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Why dragons are replacing unicorns at the top of startup valuations

Posted by Kanika Sinha

September 17, 2021    |     3-minute read (433 words)

There are now about 800 unicorns, meaning privately held startups valued at $1 billion or higher. Unicorns are no longer rare or mythical, so a new word has been devised for startups with even more impressive valuations. The moniker of “dragon” now describes this new breed of high-value startups. 

The unicorn universe

At the time when venture capitalist Aileen Lee dubbed the term "unicorn" in 2013, she was conveying the rarity and alchemy of ultra-successful startups. There were only 0.07% or 39 venture-backed startups (all U.S.-based software companies) that reached the coveted unicorn valuation of over $1 billion within a decade or less. 

The definition of the “unicorn startup” has remained exactly the same since, but the number of unicorns has increased manifold. In 2015, the number of startups with a $1 billion valuation spiked to 80. Of late, the number of unicorn startups has truly ballooned. There has been a flurry of startups whose valuations have been hugely inflated by investment. By September 2021, the number of unicorns had topped 800, per CB Insights, with a cumulative valuation of around $2.6 trillion.

The rarity that Lee’s term “unicorn” emphasized seems to have faded away in the current venture capital investment environment.

Dragon club

The new word for high-value startups is “dragon,” which is a bigger, stronger and even more awe-inspiring startup than their unicorn forebears. Dragons are more aggressive companies, and the pace at which they raise capital is remarkable.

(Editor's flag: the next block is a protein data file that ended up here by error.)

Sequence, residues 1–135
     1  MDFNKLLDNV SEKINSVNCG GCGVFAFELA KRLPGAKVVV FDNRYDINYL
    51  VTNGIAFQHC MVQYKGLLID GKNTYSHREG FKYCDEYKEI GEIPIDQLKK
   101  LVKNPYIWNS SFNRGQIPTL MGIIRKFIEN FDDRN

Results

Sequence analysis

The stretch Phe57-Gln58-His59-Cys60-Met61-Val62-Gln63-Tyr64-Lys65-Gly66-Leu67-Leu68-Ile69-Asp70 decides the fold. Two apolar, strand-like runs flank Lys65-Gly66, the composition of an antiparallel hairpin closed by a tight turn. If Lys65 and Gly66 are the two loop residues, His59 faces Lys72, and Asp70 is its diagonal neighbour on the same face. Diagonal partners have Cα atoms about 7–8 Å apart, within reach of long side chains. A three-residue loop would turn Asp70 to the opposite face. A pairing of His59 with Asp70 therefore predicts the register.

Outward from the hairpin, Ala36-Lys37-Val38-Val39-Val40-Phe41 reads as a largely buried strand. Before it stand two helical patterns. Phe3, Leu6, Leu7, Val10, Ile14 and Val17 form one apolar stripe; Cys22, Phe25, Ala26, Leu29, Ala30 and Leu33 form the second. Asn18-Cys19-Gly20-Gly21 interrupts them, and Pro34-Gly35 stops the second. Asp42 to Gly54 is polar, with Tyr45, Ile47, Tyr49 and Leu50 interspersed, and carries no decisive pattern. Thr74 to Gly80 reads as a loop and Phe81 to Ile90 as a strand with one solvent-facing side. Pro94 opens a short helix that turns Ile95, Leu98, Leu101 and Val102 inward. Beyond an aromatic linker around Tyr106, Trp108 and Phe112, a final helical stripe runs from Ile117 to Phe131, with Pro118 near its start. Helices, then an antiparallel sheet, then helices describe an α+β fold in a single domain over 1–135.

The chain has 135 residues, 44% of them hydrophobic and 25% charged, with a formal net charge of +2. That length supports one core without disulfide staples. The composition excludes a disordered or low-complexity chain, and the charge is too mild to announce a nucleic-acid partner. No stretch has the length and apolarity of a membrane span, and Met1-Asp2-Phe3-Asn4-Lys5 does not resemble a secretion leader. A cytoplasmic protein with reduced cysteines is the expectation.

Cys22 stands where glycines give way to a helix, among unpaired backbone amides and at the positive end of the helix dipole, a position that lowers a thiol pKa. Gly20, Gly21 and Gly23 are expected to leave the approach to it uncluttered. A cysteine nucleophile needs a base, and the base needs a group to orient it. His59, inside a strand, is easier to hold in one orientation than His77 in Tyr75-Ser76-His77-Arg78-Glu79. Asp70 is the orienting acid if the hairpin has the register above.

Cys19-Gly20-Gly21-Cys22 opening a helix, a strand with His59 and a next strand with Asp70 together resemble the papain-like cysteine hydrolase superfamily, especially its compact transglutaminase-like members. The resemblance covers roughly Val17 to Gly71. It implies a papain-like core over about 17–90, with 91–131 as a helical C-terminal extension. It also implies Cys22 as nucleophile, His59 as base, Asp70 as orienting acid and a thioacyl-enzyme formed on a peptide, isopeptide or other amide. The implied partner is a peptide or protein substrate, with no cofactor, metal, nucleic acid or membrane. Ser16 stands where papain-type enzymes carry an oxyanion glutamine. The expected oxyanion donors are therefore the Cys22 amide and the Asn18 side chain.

For instance, in August 2020, American aerospace manufacturer SpaceX raised an insane $1.9 billion in the largest funding round to date, landing it in the dragon club with a post-money valuation of $46 billion. Enterprise software firm Databricks secured a whopping $1.6 billion funding round in August 2021 to reach a $38 billion post-money valuation.

Eligibility: To qualify as a dragon, a startup must be valued at $12 billion or more, net of venture funding. This may sound like an arbitrary figure, but it reflects more than 10 times the growth of unicorns and illustrates the rapid-fire increase of private funding.

By the numbers: At the time of publication, there are 19 global startups that qualify as dragons. Nine are based in the U.S.

The U.S. dragons are: Chime, Databricks, Epic Games, Instacart, Fanatics, Plaid, Rivian, Stripe and SpaceX.

No doubt, dragon is an even more exclusive and aspirational club than venture capitalist Lee's original framing, where achieving the $1 billion dollar mark was the height of success. But the new cachet is to be a dragon that reaches a $12 billion valuation. 

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